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Dev Biol (Basel). 2003;115:25-30.

An overview of serum antibody responses to influenza virus antigens.

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Baylor College of Medicine, Department of Molecular Virology & Microbiology, The Center for Infection & Immunity Research, Houston 77030, Texas, USA.


Serum antibody responses after exposure to influenza virus antigens follow expected patterns for protein antigens. Induction of primary responses occurs in organized lymphoid tissues while secondary responses may occur in the periphery; in primary responses, IgM antibody is initially dominant whereas IgG antibody is dominant in secondary responses. Serum antibody responses have been ascribed to the HA, NA, M2, NP, and M1 proteins. Only the HA and NA antibodies have been shown to provide immunity in humans. Anti-HA antibody mediates neutralization and serum IgG anti-HA antibody is the dominant antibody in the lower respiratory tract. Since evidence indicates that most infections are acquired by the airborne route with deposition of virus in the lower respiratory tract, serum IgG anti-HA antibody is the primary mediator of immunity to influenza. Homotypic immunity is high for decades. Both antigenic drift and shift of the surface antigens reduce the effectiveness of antibody to the HA and NA and lead to renewed susceptibility to infection. Nevertheless, heterotypic antibody can convey substantial immunity with the degree dependent upon the extent of cross-reactivity for the infecting virus antigens. While serum anti-HA antibody is the major need for optimal immunity to influenza, a full complement of immune modalities is desirable to ensure maximum immunity.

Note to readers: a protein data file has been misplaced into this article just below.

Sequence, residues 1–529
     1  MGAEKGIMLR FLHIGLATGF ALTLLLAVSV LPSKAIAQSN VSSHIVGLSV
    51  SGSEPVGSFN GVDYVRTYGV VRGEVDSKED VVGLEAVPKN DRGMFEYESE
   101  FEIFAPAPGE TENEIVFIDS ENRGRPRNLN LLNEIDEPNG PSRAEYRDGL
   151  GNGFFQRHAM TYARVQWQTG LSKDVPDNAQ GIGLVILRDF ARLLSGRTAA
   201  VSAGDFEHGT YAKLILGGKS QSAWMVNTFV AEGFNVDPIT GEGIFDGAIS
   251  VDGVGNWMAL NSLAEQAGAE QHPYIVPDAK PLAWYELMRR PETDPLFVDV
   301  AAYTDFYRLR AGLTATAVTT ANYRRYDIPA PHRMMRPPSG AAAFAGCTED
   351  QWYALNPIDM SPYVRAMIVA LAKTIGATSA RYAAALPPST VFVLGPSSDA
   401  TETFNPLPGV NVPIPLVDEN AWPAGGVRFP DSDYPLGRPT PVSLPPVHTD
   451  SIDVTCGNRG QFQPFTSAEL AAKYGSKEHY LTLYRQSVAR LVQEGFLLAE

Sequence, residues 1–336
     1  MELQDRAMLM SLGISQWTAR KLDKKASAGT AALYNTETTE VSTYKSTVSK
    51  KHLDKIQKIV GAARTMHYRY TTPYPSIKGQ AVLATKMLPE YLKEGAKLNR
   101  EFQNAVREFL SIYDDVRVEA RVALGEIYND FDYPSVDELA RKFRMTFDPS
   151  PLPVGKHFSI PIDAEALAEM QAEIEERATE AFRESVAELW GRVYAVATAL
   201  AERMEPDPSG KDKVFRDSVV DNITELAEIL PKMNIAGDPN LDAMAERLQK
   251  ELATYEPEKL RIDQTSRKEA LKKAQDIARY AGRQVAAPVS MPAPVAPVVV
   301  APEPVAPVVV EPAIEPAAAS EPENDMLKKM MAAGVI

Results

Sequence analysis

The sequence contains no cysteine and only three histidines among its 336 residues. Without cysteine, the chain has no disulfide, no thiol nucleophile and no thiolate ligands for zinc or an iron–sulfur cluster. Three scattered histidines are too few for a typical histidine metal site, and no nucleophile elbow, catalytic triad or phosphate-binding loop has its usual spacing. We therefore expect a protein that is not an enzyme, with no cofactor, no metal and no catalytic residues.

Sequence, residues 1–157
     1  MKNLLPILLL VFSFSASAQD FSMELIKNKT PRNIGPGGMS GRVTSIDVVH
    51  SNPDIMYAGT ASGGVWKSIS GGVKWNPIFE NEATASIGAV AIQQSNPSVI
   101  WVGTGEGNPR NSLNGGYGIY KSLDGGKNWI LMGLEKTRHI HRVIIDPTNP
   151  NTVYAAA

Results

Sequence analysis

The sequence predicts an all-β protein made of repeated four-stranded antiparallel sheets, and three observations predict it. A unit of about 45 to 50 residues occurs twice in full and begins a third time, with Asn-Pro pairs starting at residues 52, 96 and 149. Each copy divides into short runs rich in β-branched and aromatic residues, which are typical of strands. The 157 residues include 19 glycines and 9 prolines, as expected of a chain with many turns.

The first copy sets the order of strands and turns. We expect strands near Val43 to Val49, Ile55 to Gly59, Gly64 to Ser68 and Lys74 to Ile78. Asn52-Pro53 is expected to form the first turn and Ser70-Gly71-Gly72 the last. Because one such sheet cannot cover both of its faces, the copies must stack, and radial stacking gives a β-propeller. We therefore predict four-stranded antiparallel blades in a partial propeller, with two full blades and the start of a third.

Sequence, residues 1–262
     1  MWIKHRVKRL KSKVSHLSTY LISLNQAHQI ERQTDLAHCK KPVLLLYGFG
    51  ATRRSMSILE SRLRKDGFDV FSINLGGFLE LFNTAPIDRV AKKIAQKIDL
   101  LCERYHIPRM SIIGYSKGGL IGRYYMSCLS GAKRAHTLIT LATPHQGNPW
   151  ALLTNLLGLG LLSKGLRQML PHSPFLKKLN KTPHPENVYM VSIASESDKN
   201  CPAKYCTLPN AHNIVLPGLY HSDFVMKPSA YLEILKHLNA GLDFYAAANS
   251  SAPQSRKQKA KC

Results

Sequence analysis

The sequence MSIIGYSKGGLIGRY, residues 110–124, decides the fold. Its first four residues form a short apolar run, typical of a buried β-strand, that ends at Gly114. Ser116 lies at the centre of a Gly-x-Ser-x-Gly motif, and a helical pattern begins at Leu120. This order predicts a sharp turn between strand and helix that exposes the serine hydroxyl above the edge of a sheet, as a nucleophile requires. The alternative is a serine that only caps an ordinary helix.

[Indexed for MEDLINE]

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